“Our Liberty Tree is a Southern Live Oak, Quercus Virginiana, more than 100 years old. The tree in Liberty Square displays 13 lanterns commemorating the 13 original colonies. It is the largest tree ever transplanted on Walt Disney World property.”

Liberty Tree

The preparation to move the live oak from the east side of the property to the Magic Kingdom, a distance of eight miles, took almost a year of planning. The tree was 40 feet tall, 60 feet wide and weighed 38 tons. The root ball measured 18 feet by 16 feet by four feet deep. It was too large and heavy to tie a cable of any kind around the trunk and lift it. That was the common process in these cases but it wouldn’t have worked because it would have assuredly caused massive damage to the sensitive cambrium layers which are the lifeblood of the tree.

Evans shared with me the story of how it was accomplished without damaging the tree.

“Necessity is the mother of invention,” he said. “We occasionally had to move trees and couldn’t use the accepted practice of putting a large box around the root system because sometimes the weight would have been more than we could have handled. We drilled through the hardwood center of the trunk and inserted two steel rods to form a cross. North-South and East-West. These rods served as handles for hoisting and hauling the tree with a 100-ton crane to its present location. We went around with pruning shears to reduce the root system to something we could handle. By doing all this, we reduced the weight to about one-fifth. That’s still pretty heavy but manageable.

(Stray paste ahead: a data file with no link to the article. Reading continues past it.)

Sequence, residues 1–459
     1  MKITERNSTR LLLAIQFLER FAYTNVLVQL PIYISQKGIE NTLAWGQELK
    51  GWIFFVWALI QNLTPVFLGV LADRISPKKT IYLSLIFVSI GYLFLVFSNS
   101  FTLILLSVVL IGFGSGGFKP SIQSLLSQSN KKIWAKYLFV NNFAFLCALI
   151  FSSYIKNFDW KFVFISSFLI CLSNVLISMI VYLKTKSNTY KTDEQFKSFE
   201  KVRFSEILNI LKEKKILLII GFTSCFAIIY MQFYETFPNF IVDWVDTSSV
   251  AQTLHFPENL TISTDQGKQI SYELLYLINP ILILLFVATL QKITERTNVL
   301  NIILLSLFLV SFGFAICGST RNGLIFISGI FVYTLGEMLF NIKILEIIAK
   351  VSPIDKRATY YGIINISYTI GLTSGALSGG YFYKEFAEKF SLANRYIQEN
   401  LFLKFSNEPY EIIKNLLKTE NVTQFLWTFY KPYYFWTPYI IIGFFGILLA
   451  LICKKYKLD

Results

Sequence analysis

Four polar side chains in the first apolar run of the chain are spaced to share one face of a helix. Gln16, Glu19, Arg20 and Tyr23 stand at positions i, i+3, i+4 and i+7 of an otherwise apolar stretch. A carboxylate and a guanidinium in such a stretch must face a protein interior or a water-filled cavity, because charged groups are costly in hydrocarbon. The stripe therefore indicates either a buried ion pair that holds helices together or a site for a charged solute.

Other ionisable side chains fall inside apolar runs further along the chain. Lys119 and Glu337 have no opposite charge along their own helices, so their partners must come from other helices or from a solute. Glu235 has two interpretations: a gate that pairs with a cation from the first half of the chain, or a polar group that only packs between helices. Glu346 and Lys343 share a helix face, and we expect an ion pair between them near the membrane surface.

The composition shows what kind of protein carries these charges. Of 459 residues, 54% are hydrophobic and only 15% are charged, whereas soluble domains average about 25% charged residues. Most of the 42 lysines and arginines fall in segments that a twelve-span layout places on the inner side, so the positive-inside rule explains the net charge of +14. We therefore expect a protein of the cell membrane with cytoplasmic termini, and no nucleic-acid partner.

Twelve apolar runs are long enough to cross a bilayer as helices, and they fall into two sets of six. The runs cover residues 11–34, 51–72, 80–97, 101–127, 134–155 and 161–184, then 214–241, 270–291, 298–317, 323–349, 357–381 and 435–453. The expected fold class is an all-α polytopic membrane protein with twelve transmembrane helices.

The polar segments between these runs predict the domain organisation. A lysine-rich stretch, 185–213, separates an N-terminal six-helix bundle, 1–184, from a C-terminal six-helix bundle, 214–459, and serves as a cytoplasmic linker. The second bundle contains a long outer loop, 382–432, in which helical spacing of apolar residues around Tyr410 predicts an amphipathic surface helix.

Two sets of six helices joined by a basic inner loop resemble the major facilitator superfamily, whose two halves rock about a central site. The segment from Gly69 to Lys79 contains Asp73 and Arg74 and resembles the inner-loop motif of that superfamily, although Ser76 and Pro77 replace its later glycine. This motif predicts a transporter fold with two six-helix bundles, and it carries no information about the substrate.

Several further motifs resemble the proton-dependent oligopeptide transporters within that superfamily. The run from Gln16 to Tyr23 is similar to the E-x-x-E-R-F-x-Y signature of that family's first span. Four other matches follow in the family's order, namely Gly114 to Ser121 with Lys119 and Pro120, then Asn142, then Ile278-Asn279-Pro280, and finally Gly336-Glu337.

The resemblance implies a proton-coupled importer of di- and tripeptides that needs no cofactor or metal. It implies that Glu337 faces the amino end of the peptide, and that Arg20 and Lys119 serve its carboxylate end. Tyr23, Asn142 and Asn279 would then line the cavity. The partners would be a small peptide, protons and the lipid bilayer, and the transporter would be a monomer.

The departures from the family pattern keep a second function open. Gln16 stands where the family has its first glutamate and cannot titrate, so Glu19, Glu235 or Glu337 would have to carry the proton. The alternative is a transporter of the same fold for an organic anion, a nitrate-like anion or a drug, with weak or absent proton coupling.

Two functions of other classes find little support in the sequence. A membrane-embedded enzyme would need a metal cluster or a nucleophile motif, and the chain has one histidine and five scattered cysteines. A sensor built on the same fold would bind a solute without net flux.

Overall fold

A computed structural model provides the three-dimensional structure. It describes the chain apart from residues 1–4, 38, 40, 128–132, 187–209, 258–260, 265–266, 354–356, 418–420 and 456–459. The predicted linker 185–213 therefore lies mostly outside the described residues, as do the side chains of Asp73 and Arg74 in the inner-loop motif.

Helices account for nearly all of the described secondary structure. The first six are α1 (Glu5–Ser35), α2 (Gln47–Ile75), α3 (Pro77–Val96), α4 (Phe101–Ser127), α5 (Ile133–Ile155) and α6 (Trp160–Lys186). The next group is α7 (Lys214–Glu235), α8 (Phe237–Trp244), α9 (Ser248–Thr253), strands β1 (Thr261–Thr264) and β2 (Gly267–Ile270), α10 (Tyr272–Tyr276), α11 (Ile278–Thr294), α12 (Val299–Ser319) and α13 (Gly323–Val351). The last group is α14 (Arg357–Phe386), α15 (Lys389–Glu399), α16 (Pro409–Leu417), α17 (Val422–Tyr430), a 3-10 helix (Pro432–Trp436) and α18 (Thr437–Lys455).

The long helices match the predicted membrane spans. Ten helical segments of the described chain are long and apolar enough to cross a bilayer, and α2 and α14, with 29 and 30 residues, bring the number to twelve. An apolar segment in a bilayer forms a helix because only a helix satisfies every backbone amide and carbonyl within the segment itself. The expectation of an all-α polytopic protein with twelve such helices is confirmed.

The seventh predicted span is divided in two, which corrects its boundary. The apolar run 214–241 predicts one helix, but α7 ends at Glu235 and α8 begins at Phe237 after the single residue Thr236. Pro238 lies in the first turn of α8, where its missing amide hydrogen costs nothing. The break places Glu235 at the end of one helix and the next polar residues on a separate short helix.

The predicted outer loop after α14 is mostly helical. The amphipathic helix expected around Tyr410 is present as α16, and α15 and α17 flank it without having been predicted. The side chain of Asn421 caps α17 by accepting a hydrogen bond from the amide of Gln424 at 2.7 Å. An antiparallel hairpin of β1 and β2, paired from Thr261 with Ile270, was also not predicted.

“Local nurserymen and landscape people were absolutely horrified, including the professional pathologist from the University of Florida who predicted the tree would die in two years if we bored a hole through it.

“When we re-planted it, we re-inserted the original wood plugs. Unfortunately, over time they became contaminated and diseased and had to be removed and we filled the holes with concrete to stop any further spread of the disease. We also grafted a small live oak onto the tree to give it that fuller shape it has today.”

The tree began its journey June 11, 1970, but was so heavy that the trunk could only move slowly inches at a time much like the vehicles that haul rockets to a launch site. Supposedly, Walt Disney himself saw the tree when he was flying over the property and remarked on it. The tree was re-planted on March 6, 1971.

Another living tree that also has an iconic story resides at the Polynesian Village Resort. The resort has a Kukui Nut tree. It is the only one of its kind in the state of Florida and the tree was brought here from its native Hawaii. This type of tree is often mentioned in Hawaiian literature and still flourishes on the islands in Polynesia.